The crescent Moon appears above the west horizon on March 3rd and for next week it brightens toward first quarter. With the Full Moon appearing on March 18, the middle half of the month will be bright throughout the night. Don’t forget that Daylight Saving’s kicks in on the early morning of the 13th. Of course you don’t really save any time. You just get to sleep in and extra hour in the morning, then pay it back in the evening when you go to bed an hour earlier. And, the official start of spring is at 11:33 EDT on March 20. Does it look and feel like spring? For the last half of the month, the Pleiades Star Cluster will be halfway up the sky in the evening. It’s a fine object to view with binoculars, accompanied by the Hyades Cluster 13-degrees southeast.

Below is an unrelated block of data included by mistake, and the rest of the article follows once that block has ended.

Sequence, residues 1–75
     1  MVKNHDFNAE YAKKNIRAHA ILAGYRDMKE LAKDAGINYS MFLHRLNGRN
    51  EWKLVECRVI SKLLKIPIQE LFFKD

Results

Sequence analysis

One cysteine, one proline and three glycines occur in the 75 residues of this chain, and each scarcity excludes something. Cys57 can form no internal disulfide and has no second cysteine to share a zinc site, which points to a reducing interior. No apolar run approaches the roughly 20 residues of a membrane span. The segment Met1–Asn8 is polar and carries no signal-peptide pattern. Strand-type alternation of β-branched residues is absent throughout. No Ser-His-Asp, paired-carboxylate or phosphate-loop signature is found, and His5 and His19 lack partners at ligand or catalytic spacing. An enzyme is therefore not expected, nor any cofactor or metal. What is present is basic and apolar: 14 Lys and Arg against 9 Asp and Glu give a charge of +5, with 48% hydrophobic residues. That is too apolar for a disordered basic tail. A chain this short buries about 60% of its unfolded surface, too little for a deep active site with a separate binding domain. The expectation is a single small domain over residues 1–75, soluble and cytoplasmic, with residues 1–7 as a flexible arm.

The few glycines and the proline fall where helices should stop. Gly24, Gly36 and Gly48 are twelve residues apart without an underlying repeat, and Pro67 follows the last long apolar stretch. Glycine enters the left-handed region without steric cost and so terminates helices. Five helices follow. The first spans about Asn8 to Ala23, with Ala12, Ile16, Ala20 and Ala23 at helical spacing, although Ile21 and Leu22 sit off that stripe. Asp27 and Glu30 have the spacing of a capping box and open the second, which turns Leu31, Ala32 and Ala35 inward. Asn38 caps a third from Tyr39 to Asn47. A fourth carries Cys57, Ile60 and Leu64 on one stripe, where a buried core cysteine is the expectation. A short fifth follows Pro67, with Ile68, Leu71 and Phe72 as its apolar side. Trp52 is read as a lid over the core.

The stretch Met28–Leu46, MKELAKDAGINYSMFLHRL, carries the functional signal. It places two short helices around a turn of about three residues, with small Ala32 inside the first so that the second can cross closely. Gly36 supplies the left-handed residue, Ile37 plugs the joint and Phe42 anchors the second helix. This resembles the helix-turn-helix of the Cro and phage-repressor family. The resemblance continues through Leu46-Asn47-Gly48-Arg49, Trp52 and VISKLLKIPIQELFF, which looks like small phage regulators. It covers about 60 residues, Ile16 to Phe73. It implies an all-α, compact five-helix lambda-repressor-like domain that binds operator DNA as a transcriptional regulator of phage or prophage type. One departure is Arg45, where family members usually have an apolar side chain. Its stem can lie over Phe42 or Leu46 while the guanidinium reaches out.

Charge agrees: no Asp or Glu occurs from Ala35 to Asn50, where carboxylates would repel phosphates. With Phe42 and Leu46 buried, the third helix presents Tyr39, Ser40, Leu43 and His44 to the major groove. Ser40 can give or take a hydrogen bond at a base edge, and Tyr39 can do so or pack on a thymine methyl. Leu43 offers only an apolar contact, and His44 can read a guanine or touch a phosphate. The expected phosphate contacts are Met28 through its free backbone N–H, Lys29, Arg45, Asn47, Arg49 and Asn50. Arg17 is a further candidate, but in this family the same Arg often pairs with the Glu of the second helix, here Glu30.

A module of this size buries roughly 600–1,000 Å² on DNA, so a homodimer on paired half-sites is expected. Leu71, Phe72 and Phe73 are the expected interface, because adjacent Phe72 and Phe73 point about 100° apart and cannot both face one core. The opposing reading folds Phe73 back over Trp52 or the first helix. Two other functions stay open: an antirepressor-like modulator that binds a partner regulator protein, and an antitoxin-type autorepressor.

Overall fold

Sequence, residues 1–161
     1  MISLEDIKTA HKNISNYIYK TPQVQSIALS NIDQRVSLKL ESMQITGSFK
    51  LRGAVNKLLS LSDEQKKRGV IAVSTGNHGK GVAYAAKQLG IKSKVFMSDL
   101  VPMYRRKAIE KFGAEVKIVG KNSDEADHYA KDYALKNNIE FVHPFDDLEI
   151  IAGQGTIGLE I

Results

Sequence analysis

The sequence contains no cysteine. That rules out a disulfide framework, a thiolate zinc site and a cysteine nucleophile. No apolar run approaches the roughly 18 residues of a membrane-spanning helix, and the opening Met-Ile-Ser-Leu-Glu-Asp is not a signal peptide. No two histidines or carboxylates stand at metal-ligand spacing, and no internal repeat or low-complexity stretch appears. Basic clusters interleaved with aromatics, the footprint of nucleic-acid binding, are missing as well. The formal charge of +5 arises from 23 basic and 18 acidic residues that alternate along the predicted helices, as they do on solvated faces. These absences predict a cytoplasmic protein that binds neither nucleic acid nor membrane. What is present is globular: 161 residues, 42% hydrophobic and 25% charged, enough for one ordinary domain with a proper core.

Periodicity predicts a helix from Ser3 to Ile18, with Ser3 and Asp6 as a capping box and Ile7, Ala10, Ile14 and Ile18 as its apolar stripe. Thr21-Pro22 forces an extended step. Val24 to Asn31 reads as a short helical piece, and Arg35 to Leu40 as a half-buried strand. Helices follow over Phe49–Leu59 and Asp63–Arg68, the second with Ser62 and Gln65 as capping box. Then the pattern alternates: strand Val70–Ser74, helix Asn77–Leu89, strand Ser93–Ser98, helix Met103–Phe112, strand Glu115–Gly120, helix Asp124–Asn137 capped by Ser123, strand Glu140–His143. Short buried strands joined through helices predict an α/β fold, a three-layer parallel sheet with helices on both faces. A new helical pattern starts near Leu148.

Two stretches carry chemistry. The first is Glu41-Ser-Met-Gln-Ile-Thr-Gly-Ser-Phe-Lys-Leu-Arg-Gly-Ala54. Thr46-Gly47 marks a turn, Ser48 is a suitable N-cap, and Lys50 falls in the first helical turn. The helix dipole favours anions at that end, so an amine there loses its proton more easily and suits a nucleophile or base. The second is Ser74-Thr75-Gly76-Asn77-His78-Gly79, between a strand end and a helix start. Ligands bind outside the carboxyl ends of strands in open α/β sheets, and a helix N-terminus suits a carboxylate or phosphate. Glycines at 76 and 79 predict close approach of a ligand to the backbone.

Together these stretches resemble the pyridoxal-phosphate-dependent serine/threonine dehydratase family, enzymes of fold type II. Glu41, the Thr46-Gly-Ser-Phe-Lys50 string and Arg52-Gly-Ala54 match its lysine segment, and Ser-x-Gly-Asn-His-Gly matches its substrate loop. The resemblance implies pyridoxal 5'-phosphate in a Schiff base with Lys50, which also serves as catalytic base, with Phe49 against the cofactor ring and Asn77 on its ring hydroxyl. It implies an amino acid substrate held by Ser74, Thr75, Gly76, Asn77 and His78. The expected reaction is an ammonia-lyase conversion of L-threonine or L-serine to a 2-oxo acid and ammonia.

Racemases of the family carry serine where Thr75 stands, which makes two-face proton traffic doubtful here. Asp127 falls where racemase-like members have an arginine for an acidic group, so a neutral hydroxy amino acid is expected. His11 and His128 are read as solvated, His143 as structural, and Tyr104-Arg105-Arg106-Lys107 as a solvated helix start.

2 New Moon
4 Star Sirius on meridian at about 8 pm
10 1st Qtr.Moon, Moon at Apogee 18:04
12 Sun enters Picses, 22:08
13 Daylight Saving Time begins at 02:00 Local time
18 Full Moon
20 Spring Equinox 11:33, Venus Max. Elongation in Evening Sky
23 Moon at Perigee 19:37
25 Last Qtr. Moon
PROMINENT CONSTELLATIONS (Winter)
OTTAWA CORRECTION TABLES
One of Canada’s foremost writers and educators on astronomical topics, the Almanac has benefited from Robert’s expertise since its inception. Robert is passionate about reducing light pollution and promoting science literacy. He has been an astronomy instructor for our astronauts and he ensures that our section on sunrise and sunset, stargazing, and celestial events is so detailed and extensive it is almost like its own almanac.